The story of 7 people on trial stemming from various charges surrounding the uprising at the 1968 Democratic National Convention in Chicago, Illinois. (IMDb)
It’s a dialogue-heavy courtroom drama with all the humour, high-stakes intensity, and fiery one-liners (“What’s your price?” “My life”) of an action film. The script and editing masterfully ramp up the pre-, during-, and post-protest tension simultaneously (adding in Abbie’s stand-up was a cool touch) and the cast is excellent (Rylance and Cohen are standouts). The prominence then disappearance of Seale’s poignant sub-plot is the only real misstep here (the ending is schmaltzy but effective).
A thief, who steals corporate secrets through use of dream-sharing technology, is given the inverse task of planting an idea into the mind of a CEO. (IMDb)
The (literal) levels to which Nolan expounds upon his (literally) mind-bending premise are extraordinary, and his resulting film is nothing short of spectacular, as he (mostly) tactfully exposits his fascinating concepts through two complimentary and converging tracks: One action-oriented and exciting; the other character-focused and emotional. Brilliant cinematography (Arthur’s hotel fight is one highlight), engaging turns, and excellent music decorate this exhilarating and exquisite thriller.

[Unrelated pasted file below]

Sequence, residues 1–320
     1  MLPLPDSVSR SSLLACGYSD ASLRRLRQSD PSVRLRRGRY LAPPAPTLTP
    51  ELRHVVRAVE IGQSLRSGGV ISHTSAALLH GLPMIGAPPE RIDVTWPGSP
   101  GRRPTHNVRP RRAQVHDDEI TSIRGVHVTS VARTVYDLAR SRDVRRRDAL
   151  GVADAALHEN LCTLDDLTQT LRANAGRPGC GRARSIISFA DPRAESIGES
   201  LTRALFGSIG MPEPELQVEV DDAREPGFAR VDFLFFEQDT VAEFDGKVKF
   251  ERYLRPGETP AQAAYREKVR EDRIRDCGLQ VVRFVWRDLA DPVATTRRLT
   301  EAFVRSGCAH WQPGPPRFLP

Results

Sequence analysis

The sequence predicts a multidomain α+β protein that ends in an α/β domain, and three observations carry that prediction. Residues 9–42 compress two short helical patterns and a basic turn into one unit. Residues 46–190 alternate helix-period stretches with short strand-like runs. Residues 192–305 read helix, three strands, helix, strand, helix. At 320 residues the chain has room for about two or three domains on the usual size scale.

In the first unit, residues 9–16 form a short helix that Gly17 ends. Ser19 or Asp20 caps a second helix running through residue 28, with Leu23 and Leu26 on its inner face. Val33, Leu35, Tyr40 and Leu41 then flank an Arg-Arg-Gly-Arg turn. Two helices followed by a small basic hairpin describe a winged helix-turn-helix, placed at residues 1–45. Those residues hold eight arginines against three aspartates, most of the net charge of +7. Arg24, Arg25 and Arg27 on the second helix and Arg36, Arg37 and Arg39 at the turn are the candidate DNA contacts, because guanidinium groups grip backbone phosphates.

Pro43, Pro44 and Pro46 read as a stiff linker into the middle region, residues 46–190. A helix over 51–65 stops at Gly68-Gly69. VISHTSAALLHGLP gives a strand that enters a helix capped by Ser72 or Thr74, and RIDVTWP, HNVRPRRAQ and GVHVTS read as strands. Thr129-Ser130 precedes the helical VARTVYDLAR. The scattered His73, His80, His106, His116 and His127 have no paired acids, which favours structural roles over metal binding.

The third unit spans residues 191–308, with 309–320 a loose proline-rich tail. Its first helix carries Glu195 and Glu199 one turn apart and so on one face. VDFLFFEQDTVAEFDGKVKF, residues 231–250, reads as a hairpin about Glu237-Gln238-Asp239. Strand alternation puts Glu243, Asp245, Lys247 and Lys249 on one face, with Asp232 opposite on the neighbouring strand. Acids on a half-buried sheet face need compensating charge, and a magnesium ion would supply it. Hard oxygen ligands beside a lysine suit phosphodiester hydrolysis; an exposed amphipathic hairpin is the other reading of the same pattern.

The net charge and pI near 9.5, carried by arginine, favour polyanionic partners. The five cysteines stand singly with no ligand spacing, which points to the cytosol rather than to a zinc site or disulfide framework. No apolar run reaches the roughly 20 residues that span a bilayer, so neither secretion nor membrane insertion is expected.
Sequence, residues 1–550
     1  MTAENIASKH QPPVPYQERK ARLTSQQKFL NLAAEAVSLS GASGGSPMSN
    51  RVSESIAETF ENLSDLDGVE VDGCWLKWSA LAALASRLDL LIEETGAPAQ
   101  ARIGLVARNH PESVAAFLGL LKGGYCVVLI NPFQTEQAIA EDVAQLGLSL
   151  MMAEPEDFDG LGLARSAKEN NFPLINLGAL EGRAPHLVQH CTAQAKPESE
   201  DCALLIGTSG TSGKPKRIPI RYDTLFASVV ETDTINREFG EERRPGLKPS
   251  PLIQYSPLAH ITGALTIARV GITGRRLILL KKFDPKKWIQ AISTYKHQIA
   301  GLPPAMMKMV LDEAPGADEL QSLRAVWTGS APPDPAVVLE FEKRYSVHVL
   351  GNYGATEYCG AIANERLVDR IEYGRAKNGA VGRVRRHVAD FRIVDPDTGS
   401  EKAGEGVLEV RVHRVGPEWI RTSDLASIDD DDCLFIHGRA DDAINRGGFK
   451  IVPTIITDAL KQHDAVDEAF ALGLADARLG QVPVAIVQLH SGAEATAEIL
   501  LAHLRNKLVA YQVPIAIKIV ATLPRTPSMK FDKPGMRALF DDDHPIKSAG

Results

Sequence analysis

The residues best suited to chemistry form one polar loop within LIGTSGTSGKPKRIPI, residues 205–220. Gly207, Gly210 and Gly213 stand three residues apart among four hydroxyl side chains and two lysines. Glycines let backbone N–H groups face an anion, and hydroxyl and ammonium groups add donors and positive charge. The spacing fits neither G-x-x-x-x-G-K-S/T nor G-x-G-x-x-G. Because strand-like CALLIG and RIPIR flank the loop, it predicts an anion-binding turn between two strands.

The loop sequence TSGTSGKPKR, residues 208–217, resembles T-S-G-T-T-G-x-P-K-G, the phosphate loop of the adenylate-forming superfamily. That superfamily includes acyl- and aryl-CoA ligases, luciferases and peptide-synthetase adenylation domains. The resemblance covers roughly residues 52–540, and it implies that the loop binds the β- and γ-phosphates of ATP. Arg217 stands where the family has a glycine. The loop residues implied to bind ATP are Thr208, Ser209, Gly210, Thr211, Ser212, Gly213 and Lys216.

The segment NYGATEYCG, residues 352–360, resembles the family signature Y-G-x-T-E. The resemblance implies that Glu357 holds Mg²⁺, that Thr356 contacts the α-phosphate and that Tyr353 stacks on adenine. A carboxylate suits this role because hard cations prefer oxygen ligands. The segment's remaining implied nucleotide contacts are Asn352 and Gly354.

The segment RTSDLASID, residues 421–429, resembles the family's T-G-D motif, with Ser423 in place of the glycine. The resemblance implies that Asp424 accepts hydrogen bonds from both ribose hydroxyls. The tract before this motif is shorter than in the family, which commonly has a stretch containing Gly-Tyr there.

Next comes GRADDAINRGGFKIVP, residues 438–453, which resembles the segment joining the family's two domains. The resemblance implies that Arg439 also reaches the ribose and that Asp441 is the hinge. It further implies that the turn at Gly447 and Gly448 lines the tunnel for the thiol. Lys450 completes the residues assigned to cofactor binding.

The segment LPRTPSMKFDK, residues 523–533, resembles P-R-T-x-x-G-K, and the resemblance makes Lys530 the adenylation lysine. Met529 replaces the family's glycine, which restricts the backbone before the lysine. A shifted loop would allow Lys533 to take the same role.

Eight years after the Joker’s reign of anarchy, the Dark Knight is forced to return from his imposed exile to save Gotham City from the brutal guerrilla terrorist Bane with the help of the enigmatic Catwoman. (IMDb)
The entertainment value here is again sky high, with nary a dull moment; the narrative is wonderfully layered with constant twists and turns at each level. It doesn’t feel quite as deep or dark as its predecessor, and Hardy’s Bane isn’t quite as interesting as Ledger’s Joker (although that was a tough act to follow), but the plot’s new lows of despair for Batman and Gotham, along with the cast additions of Hathaway and Gordon-Levitt, add freshness and help craft for it its own positive identity.
The ultra-melodramatic dialogue is the most obvious standout here, with its nod to classic noir films. It creates a really cool and unique feel for the film, even if some of the slang goes over your head the first few times, and Gordon-Levitt and the rest of the supporting cast smoothly act it out without it feeling awkward or unemotional. The violence and drugs of the dark plot, meanwhile, fit perfectly with the slick script and bleak cinematography. An engaging teen crime drama.